Only One-Third of Kids Get the HPV Vaccine — What Parents Should ConsiderHeather Neal
There’s no question vaccines are a hot-button issue these days. I know it’s definitely something I struggled with when it came time for my son’s first round of shots, and not just because I knew they would hurt. I feared adverse reactions, autism, and developmental decline. I still question whether I should have done them and if I should continue to do so, but seeing as it’s a requirement for schools and daycares around here, that’d be a pretty tough battle to fight.
Many of the standard vaccines seem to be for diseases we can’t currently relate to in the 21st century: measles, mumps, rubella, even chicken pox is uncommon thanks to the vaccine. What we tend to forget when we read all the controversial headlines is that these diseases are foreign to my generation because of vaccines. Most of these diseases seem like they’d be unfortunate and unpleasant, but for the most part treatable. But can you argue the same for cancer? Did you even know there was a vaccine for cancer?
There is: the HPV vaccine. The HPV vaccine can prevent the sexually transmitted disease of genital warts, but it also protects against cervical cancer (among other cancers), which kills 4,000 women a year in the US. I thought this was one vaccine I was off the hook for —I wouldn’t have to weigh the pros and cons of safety, and I wouldn’t have to worry what message this was sending to my child about unprotected sex. I thought this because I have a boy. The HPV vaccine is for girls, or so I thought. While there are two brands of the HPV vaccine available and both are approved for use in girls, one of them is also approved for males. Seeing as HPV is a sexually transmitted disease, it makes sense that both sexes should be protected in order to prevent the spread of the disease and the subsequent consequences.
While I still have a number of years before I have to decide whether the vaccine is right for my son, it’s a current issue for many parents. Most parents seem to be choosing not to administer the vaccine to their preteens. A recent study shows only about one-third of appropriately aged kids have received the HPV vaccine. This is especially true in the South, where not-so-coincidently there is more poverty and more HPV. (The vaccine costs about $130 per dose, or over $400 for the series.) While some would think this means we need to be pushing the vaccine, especially here in the South, it’s tough to do so knowing how relatively new the vaccine is. When it was first introduced, the vaccine required three shots over a six-month period. Now research is saying perhaps one dose would be sufficient. Not only that, but two or three doses could actually cause adverse effects. A single dose could perhaps increase the number of parents opt to give the vaccine since they could complete it during a yearly physical. Most pre-teens don’t go to the doctor three times in six months otherwise.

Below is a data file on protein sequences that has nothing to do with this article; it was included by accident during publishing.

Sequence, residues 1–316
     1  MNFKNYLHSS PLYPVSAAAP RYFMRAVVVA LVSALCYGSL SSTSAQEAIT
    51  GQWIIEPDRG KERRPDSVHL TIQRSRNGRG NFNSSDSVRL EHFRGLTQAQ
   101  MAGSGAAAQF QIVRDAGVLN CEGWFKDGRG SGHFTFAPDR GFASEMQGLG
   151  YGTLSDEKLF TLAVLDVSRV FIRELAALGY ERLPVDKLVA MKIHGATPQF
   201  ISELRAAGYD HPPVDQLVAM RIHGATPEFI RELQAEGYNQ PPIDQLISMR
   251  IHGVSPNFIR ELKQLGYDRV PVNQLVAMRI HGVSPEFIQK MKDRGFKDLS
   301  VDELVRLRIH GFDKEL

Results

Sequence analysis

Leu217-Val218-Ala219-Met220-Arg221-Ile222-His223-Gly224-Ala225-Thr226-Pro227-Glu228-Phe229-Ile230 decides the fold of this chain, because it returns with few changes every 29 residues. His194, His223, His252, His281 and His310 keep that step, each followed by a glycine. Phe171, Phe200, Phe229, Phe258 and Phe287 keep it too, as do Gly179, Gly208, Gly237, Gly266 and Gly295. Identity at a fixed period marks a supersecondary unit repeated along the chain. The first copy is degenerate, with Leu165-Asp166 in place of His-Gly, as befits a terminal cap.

Health experts suspect a lot of parents are opting not to vaccinate their kids because they’re not sexually active at the age the vaccine is recommended (around 11-13 years old). You have to admit it’s tough to think about the possibility of your middle schooler having sex, but on the opposite side of the argument, the HPV vaccine is only effective if it’s administered before exposure to the virus. That means before kids are sexually active. Other parents are declining the vaccine for their sons, wrongly thinking like myself that boys don’t need. But HPV doesn’t just cause cervical cancer; it can cause throat cancer and a number of other cancers as well.
Parents are also concerned about the safety of the vaccine given it’s only been around a few years, but so far studies look optimistic – not only is it safe; it’s effective.
That’s a lot to consider when it comes to your kid. Thank goodness I’ve got some time for more conclusive research to come about.
Would you chose to give your child the HPV vaccine?